Virginia DUI License Suspension

A conviction for driving under the influence of alcohol or drugs (DUI) in Virginia comes with numerous negative consequences to the person convicted.  One of those consequences is the revocation of the person’s privilege to drive in Virginia.  All persons convicted of DUI in Virginia will have their driving privileges revoked.  Virginia judges have no discretion as to the imposition of a license revocation after finding a person guilty of DUI.  As a result, once a Virginia judge finds a person guilty of DUI, the judge must revoke that person’s driving privileges.  There are no exceptions to this statutory mandate.

Drinking-Driving-DUI.jpg The time period for the revocation depends on the type of DUI charge under which the person is convicted.  All revocations commence on the day of conviction.  Depending on the type of DUI, the revocation will be for one year, three years, or for an indefinite time period.  A person convicted of a first offense DUI will have a one year revocation.  If that person is convicted of a second DUI within ten years of being convicted of the first DUI, then that person will have a three year revocation.  If this person has three or more DUI convictions within ten years of the first two convictions, then that person will have an indefinite revocation of their driving privileges.

Virginia judges have the ability to grant restricted driving privileges to persons whose driving privileges were revoked for a first or second DUI conviction.  Virginia judges cannot issue a restricted license for a person to drive a commercial motor vehicle. However, judges may issue restricted driving privileges in Virginia to persons who have a valid driver’s license from another state.

A person convicted of three or more DUI charges within ten years is not eligible for restricted driving privileges.  The judge may grant restricted driving privileges, after convicting a person of first offense DUI, for the entire one year revocation period.  The judge’s ability to grant restricted driving privileges is limited if the conviction is for a second offense DUI.  If the second offense is committed within five years of the first offense, then the judge is barred from granting restricted driving privileges for the first year of revocation.  If the second offense is committed within ten years from the first offense, then the judge is barred from granting restricted driving privileges for the first four months of revocation.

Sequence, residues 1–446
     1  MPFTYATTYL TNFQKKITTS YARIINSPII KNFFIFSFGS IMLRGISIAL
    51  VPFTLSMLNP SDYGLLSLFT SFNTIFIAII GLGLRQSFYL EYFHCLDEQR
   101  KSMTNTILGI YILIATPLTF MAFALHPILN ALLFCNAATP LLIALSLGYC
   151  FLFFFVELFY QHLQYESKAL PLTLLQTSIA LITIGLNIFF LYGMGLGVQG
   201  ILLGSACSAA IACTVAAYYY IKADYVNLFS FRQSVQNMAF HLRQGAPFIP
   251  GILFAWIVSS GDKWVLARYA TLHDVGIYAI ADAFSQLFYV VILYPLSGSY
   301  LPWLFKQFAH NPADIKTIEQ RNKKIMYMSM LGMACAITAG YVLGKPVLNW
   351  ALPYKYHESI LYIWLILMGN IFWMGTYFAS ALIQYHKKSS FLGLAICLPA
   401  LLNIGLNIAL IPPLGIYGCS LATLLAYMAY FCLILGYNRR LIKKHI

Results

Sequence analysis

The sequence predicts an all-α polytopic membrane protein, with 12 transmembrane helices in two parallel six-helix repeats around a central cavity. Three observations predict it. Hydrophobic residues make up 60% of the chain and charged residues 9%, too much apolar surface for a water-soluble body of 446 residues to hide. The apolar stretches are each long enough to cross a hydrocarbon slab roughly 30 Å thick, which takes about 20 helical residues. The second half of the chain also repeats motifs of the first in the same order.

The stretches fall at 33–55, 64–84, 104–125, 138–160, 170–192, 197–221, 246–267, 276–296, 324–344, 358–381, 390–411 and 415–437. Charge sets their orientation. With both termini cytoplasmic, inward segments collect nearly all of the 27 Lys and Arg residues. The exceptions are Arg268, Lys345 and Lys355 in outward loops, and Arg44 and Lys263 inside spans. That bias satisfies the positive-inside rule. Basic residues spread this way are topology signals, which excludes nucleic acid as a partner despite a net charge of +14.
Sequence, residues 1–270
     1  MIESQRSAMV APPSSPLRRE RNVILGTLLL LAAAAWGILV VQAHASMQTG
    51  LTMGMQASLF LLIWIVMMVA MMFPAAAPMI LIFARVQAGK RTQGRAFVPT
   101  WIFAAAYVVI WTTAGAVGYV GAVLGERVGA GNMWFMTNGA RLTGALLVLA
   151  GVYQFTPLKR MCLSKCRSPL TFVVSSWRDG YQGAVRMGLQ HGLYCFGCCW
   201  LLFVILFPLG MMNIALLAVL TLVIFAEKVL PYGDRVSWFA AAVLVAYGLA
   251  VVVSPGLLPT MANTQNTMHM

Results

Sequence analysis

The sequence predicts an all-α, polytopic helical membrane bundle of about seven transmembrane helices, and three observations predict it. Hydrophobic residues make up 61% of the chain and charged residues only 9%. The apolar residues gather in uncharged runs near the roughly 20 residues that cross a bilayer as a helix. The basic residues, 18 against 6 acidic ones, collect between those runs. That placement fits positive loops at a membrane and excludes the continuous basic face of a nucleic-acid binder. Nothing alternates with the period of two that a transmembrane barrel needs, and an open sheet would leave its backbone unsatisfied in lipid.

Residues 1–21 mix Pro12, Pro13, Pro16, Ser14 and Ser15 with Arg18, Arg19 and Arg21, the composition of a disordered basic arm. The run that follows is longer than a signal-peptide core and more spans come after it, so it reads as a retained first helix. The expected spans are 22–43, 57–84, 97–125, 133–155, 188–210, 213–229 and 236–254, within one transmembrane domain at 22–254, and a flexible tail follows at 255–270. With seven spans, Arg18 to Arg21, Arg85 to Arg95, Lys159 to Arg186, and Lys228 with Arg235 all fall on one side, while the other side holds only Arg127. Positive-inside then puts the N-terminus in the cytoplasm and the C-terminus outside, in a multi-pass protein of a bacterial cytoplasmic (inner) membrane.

For a person to be eligible for restricted driving privileges, a judge must enter that person into the Virginia Alcohol Safety Awareness Program (VASAP).  The person entered into VASAP must enroll with the program within fifteen days from the date of conviction and must successfully complete the program.  Additionally, all persons granted restricted driving privileges may only operate a motor vehicle installed with an ignition interlock device.  For a first offense DUI, an ignition interlock device must be installed in the vehicle driven by the person granted restricted driving privileges.  A person revoked for a second DUI offense must have the ignition interlock device installed in all motor vehicles owned by or registered to that person.  A violation of the conditions of VASAP, including the use of alcohol as evidenced by the detection of alcohol by the ignition interlock device and driving a motor vehicle not equipped with an ignition interlock device, will likely result in the loss of restricted driving privileges for the remainder of the revocation period.  Additionally, persons convicted of driving outside the scope of their restricted driving privileges will lose their restricted privileges and have their driving privileges revoked for a statutorily mandated period of time, which runs consecutively with the original revocation period.

The mandatory license revocation periods imposed on persons after a DUI conviction are complicated.  It is important to discuss the details and requirements of DUI mandatory license revocations with an attorney who handles DUI cases on a regular basis.  The attorneys at The Weiland Firm, PLC have represented numerous clients charged with DUI in Virginia.  If you have any questions, please contact our firm at (804) 355-8037.